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Throughout Jack’s written and visual work . . . one finds this notion of hurricanes

as ancestral presences raining on our heads. Jack calls hurricanes a “seasonal remembrance,”

a way for  those ancestors who did not survive the Middle Passage



Books by Drisana Deborah Jack

The Rainy Season / Skin

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Poems by Drisana Deborah Jack 

Introduction: Oceanic mothering


Drisana Deborah Jack’s second book, skin, is a wonderfully sensual, fluid, and powerful collection of poetry, born out of what Antonio Benitez-Rojo identifies as the Caribbean’s “unpredictable flux” and flows. Brimming over with images of oceanic wombs spiraling like the Milky Way, her poems resound the pounding rhythm and rhyme of the ocean. She foregrounds salty fluidity and diasporic mothering in a complex body of poems, which insist on the Caribbean as a space of gendered “change, transit, return,” inextricable from the larger, restless African diaspora as it continually reborn.

As one of St. Martin’s leading poets, Drisana Deborah Jack carefully situates her work within the unique history of her island nation and its location within the Caribbean. The collection begins with the moving gesture of claiming her homeland (which is still a French and Dutch colony) via its opening words of “my country” (“waterpoem 1”).

These first words of the first poem alert us to the importance of place in the consolidation of self. But before we have time to imagine such a belonging to be simple and nostalgic for the Black diasporic subject, “waterpoem 1” shows belonging not to be a birthright but rather a practice of reclamation. For the poet, to belong means a continual negotiation and re-negotiation of arrivals and departures.

Jack’s suggestion of “reluctant arrival” and “resolute departure,” immediately maps out a diasporic world where enslaved captives were brought against their will. This “first” arrival is overlaid with other subsequent deracinations, as the Caribbean has become host to wave after wave of immigration, fueled by (past) colonial exploitation and underdevelopment.

Indeed, Jack teaches and works in both the USA and St. Martin, occupying the perilous “space in-between” as she travels from home to home, a theme further developed in “subway musings.”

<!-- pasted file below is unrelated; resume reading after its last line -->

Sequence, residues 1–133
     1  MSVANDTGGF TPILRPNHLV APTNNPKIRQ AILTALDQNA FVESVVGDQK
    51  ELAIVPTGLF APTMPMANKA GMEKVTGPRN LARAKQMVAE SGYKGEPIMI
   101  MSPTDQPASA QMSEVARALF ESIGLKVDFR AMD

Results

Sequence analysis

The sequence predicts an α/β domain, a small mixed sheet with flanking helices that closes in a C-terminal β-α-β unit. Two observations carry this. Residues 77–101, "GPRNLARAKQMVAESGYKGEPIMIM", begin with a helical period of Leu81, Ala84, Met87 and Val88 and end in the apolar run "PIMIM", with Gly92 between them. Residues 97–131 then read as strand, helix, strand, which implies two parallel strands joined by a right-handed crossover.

“waterpoem 1,” instead of mourning these relocations as the poet does in the Haiku-inspired “alovepoemaboutyouforme,” quietly acknowledges the reclamatory practice of making home. Jack makes new dwellings in the “need for solace” and “interruption.” She then asserts that these in-between spaces that encompass a history of arrivals and departures are her home and the places from which she writes “of the drowning of weeds / the nourishing of seeds” (“a poet’s farewell”). The quiet voice of the first poem gives way to the fierce roar of the next poem entitled “en memento mori.”

One of the best poems of the collection, “en memento mori” rips apart any complacency about arrival and departure, revealing the horror and brutality around forcible deracination and migration. The poem is located at the crossroads between African and European forms—a Yoruba prayer/chant and the classic European memento mori poem. As such, Jack highlights the syncretic cultural heritage of diasporic Africans, showing that out of the violent clash of cultures, a new people were born.

Memento mori translates from the Latin to mean “Remember you must die” or “Remember that you are mortal.” The term was used in classical antiquity as a way to encourage people to live to the fullest. It was appropriated in the Christian context to suggest the fleeting and illusory nature of earthy pleasures and the necessity for morality. If the pleasures of this earth were empty, one needs to focus only on the afterlife, on the fate awaiting one’s soul. Traditional memento mori examples include still-life paintings (which originally included symbols of mortality such as a skull of time piece) and funeral art such as cadaver tombs, which depicted the decayed corpse of the decreased.